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On bicycle highways(13 posts)

On bicycle highwaysBrian C.
Apr 25, 2001 6:49 AM
While on the 90-minute commuter bus ride this morning, a thought occured that it's a shame they didn't incorporate some kind of bike lane in one of the many highway improvements over the years. It's probably not very practical now.
But in this neck of the woods, plans are afoot to build a brand new highway to relieve congestion on the first. It's an opportunity to lobby for a commuter bike lane while they're at it.
Can anyone point me to books, studies, Web sites, experts or any other material that could help this campaign?
Are there any success stories (or cautionary tales) in North America or Europe?

It's 40 miles from here to there. I'd do it.
If 1,000 motorists did it, too, the world would be a better place.
re: On bicycle highwaysLazy
Apr 25, 2001 6:59 AM
While I have no idea where your neck of the woods is, nor ideas for sources to point you at, I wish you all the luck in the world. It's a really good idea.

I imagine you'll have a tough time convincing the beaurocrats that it's a good idea to spend the money for it. Good luck!!
It'll be a challengeBrian C.
Apr 25, 2001 7:42 AM
There's a Conservative government in charge in this neck of the woods, the Province of Ontario, Canada. But I think a lot of the veterans on this board are on the cutting edge of a better way to get around. There's just too many cars out there. Anything that can be done to provide alternatives, so much the better.
Bicycle safety related URLBreck
Apr 25, 2001 7:48 AM
I came across this item while doing some recent research on bicycle safety.
see >>> <<< hope you may find it useful.

My interest is more from a historical perspective than safety per se. We actually have so called bike lanes in this San Diego County back country town near the old training camp of the Poasties, Motorola, etc off Mussey Grade Rd. over in Ramona ~25 miles west of here. The Pro's and Euro's ride many abreast & outside the lanes with no helmets, etc. Us locals feel pretty safe during the week, but stay off the mountain curvy-twisty hwy.'s on the weekends with the tourist & their Bimmers, SUV's, etc's.

Ekimov(?) got hit with a Truck-Club off Palomar Mountain grade a few years back. Spied Lance (Motorola days) down near Descanso sans helmet & with the trade mark Oakleys a few years back. Montezuma Grade out of Borrego near here, is said to closely mimic Alp d'Huez in elevation gain and number of turns per Andy Hampsten ('88 USA Giro d'Italia winner from Colo., now living in Italy )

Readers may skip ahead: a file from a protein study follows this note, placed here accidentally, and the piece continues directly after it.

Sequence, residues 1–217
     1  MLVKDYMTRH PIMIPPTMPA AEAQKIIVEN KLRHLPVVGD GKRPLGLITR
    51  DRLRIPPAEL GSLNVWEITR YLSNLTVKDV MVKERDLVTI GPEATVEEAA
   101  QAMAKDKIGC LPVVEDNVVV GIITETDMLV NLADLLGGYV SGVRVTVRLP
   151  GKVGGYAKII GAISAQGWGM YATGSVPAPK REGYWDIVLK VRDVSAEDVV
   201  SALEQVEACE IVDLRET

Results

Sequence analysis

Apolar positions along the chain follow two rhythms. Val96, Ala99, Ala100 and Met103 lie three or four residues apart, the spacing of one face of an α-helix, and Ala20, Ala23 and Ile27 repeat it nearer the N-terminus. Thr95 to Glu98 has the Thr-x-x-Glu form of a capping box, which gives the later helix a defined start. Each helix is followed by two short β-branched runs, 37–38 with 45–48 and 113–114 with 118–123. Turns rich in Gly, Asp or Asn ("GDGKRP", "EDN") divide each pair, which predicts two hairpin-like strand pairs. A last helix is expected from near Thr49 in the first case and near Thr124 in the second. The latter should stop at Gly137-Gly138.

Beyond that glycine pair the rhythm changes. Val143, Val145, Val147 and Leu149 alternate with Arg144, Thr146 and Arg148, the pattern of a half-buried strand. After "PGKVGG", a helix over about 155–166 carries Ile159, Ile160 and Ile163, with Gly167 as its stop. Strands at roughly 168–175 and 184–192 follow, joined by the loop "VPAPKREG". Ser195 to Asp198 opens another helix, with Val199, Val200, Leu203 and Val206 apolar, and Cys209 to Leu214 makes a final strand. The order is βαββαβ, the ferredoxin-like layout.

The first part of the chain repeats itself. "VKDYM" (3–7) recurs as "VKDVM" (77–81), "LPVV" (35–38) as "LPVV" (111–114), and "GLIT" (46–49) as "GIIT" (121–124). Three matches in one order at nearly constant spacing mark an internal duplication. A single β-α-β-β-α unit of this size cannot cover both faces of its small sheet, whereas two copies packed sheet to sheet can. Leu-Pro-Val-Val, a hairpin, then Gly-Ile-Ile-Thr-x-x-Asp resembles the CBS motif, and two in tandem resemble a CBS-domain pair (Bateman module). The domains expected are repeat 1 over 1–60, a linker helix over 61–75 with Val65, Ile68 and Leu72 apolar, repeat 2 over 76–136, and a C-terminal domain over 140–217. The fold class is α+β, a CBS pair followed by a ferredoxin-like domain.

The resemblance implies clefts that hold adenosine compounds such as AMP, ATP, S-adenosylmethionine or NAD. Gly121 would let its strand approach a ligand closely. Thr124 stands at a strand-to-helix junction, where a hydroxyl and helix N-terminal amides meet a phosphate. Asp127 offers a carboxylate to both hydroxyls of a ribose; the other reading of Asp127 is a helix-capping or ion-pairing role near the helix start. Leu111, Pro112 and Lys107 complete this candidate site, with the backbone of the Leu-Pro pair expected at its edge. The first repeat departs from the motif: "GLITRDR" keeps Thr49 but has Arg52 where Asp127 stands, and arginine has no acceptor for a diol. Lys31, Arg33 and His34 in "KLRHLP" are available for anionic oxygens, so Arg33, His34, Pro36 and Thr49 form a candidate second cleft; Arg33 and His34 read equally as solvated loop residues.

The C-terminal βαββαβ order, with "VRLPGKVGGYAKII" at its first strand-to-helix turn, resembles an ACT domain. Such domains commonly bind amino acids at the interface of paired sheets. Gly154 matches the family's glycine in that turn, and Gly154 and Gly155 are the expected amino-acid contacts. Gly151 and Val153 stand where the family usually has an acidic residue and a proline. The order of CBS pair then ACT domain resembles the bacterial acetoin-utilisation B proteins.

Back in 1970, my distance running bud Phil Carlon helped map out bike lanes for the city of Huntington Beach, Ca. The lanes were not useful to us runners as we hit the side walks facing traffic. However, Phil was also into long distance bike racing (100 miles in those days), and saw the need for bike safety and getting the masses off the couch --a noble goal then, as now.

Thanks for the Web site, WKBrian C.
Apr 25, 2001 12:52 PM
One of the intriquing things about this message board is reading about where people ride. It can make one a bit envious - I mean, you're talking about Palomar Mountain and Montezuma Grade and Huntington Beach, Calif. (When you rest there, do you lean your bike against a palm tree?)
The best I can offer is a scary, obstacle course among road-raging maniacs on Lakeshore Road between Toronto and Hamilton, Ont. Sometimes, though, the view out across Lake Ontario in late spring/early summer can be pleasing. And, come to think of it, the roads up and around the Niagara Escarpment are challenging and rewarding.
Ha! What am I complaining about? It's cycling. Doesn't matter where you do it.
Have a great day.
Always lots of conservative resistance (makes too much sense?)Cory
Apr 25, 2001 7:59 AM
That same controversy is going on right now on the Bay Bridge in San Francisco, and in other places around California and northern Nevada. Always sounds like a good idea; the same people always pop up and say it's too much money to cater to a few "yuppie" (or ometimes "hippie") bicyclists, and it dies. Reno, where I live, took bike lanes OUT a few years ago because the city was afraid it created liability--the lanes implied safety, so if a cyclist got hit, he might sue the city. When I did a newspaper column urging people to try bike commuting for a week, I got threats: "Keep your ass on the sidewalk where it belongs or you'll get run over."
Might check the archives at one of the San Francisco newspapers ( is one) for past stories. Last I heard, the cyclicsts were slowly losing ground to the more-highways-for-more-cars crowd. There's a reason those people have a serious Critical Mass ride there.
Always lots of conservative resistance (makes too much sense?)G
Apr 25, 2001 8:43 AM
I have always believed that bike lanes on highways and byways actually make cycling more dangerous. These lanes take cyclists out of the natural sight lines of motorists and further add to the impression that bikes don't belong on the same road as motor vehicles. A simple solution and requires the same amount of pavement and effort from DOT is to widen the lanes by a foot or so each way. That way a vehicle can safely pass a bike without crossing the center line while still having to acknowlege the cyclist(ie. slow down and safely pass). This is just a theory, but based on sound principals. I have long been writing various officials, but I think the idea is too radical for the political mind. Good luck, and no matter what, keep riding.